Local KwaZulu-Natal woman's innovative veggie grower defines meaning of 'Ubuntu' in her community.
In 2014 Nonhlanhla Joye started Umgibe when she found herself unemployed and unable to put food on the table for her family. This was due to Ma’ Joye being unable to work after being diagnosed with cancer prior, having no one to turn to for help.
This was when she decided, “No, let me grow vegetables in my backyard”, and that is what she did. Ma’ Joye further elaborated, “And by backyard, I mean an RDP house yard which is almost nothing, about 3 meters max”.
Still determined she grew her vegetables in these confines to near picking status, but then something unforeseen happened-
“They were looking nice and good. I was getting excited, and that is when the chickens from the neighbours came and ate EVERYTHING”.
Ma’ Joye was left devastated by the sight of her ruined garden that was a means to end the hunger in her household…
She knew that she needed to find a way to regrow her crop without the chickens eating them.
“That was when I innovated a system that enabled me to grow vegetables using recycled plastic bags and a wooden framework”.
It allowed the vegetables to be out of the chickens pecking order and allowed Ma’ Joye to utilise the small confinements of RDP houses to their fullest potential. “Before I knew it, I had vegetables! In a very small space and without any hard work”.
“It was something that was amazing for me, it allowed me to provide for my family, and I could do it from sitting in a wheelchair”.
The first harvest of this innovative way of growing provided Ma’ Joye with enough vegetables that allowed her to start selling to her community and gave her the means to make a living out of it.
Once Ma’ Joye recovered from her cancer, she continued her work in the community by sharing her unique growing system and helping families fight their battle against hunger.
Today, Ma’ Joye is helping 1289 households grow vegetables, and together they collectively sell or even barter these vegetables. “It enabled everyone in our network to sell quality and nutritious vegetables”.
“I just started this out of necessity and not for profit. I realised three critical components of this growing system. Firstly, it saved water. It expanded the space. And lastly, it could be used as a social enterprise”.
Ma’ Joye has now moved away from the plastic packets and substituted with fibre bags for her growing system. These fibre bags are partially made with PET- a thermoplastic polymer resin and can last up to three years. They are locally produced by women in her community, providing jobs and a much-needed avenue of income for those households.
How has lockdown effected Umgibe?
“The lockdown has actually created a lot of problems for our organisation because we supply some of our produce to those in the restaurant industry and within three weeks of lockdown a lot of our vegetables became rotten. We couldn’t blame them for breaking the contract as they too were suffering because of lockdown and understand that they couldn’t have bought produce that they could not use. Fortunately, I connected with Food Flow, they have helped us with supplying our vegetables to those who desperately needed them in our community”.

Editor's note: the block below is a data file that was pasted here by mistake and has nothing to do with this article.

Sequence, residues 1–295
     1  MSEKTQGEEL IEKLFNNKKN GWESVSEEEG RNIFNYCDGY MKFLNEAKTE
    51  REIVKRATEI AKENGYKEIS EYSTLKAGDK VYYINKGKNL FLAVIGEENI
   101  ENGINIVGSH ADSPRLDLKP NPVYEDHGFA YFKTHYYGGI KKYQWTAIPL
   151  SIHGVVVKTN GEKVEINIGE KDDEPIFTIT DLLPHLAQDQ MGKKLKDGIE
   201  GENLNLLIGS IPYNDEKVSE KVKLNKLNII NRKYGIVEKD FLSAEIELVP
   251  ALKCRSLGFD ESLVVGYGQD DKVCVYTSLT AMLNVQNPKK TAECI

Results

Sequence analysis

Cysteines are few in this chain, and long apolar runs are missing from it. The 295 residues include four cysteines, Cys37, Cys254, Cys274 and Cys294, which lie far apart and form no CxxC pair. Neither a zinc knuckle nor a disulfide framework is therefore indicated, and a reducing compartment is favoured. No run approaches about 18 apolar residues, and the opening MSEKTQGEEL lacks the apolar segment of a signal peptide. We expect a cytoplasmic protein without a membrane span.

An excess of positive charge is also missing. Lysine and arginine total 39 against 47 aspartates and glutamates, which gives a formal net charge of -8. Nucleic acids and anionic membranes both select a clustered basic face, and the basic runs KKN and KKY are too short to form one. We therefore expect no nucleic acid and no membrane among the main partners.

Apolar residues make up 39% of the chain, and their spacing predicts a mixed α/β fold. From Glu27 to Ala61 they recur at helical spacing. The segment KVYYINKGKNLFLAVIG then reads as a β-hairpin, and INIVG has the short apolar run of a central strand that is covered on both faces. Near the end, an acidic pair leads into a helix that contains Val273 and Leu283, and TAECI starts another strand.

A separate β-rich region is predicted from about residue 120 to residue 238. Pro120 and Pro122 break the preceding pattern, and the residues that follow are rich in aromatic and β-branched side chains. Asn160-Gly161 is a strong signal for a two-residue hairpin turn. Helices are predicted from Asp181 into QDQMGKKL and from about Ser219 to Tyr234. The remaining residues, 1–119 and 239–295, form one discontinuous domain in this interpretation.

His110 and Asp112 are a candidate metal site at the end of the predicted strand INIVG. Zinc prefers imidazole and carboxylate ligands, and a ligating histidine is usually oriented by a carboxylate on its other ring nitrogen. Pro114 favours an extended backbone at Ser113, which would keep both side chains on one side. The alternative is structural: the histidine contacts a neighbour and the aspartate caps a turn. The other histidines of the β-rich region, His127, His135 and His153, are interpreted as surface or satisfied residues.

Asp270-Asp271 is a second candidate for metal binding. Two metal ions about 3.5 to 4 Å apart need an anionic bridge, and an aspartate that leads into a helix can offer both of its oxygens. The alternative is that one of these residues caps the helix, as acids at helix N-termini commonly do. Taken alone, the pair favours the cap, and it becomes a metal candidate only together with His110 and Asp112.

What is your super power?
“Finding my purpose, that is what is driving me. To know that my purpose in life is to stop hunger and to restore human dignity. Sometimes we spend years looking for what it is that we need to do and we don’t know what that is. It can take things like what has happened to me to make you ask yourself ‘what is it that I am passionate about?’. And passion for food security, passion for stopping hunger, passion for stopping generational poverty and creating self-sustainability is what drives me personally”.
What do you love about Africa?
“What do I NOT love about Africa! I love the warmth, I’m not talking about the temperature, but the warmth of our people. It is one of the best places to be, where people practise ubuntu as a lifestyle. I left Africa for some years, and when I was away, I realised how much I missed being away from Africa. I missed the people; we are one of the only places where people smile at each other even if they do not know one another. Our people will actually welcome you even if they do not know why you are there and in other countries, they are not like that. The people will look at you like you are crazy if you smile at them and they do not know you...
...I love the laughter of our children, and I love seeing people no matter how poor they are, giving up their last item to others that need it. I love that, and I love Africa. No matter what race it is, when people are in Africa, there’s this feeling of being free and caring towards each other”
What made you take the step into the unknown to become an entrepreneur?
“I think I was always an entrepreneur even if I didn’t know it at the time. My father also taught me that if I wanted to get things done, I needed to do it myself and find a way that works for me. That is what entrepreneurs do, they find a gap, and then they find a way to make it work for them. They innovate around the problems...
...for me being a social entrepreneur means that I see things that people do not see, and I look for solutions to problems before I think about the money. My father instilled in me to first find the solution, then sort out the problem and the rest will follow”.
Ma’ Joye’s father, who is currently 98 years young and still planting his own vegetables - proving that you should be eating your veggies!
Something to leave our readers with?
“We need to be supporting local!”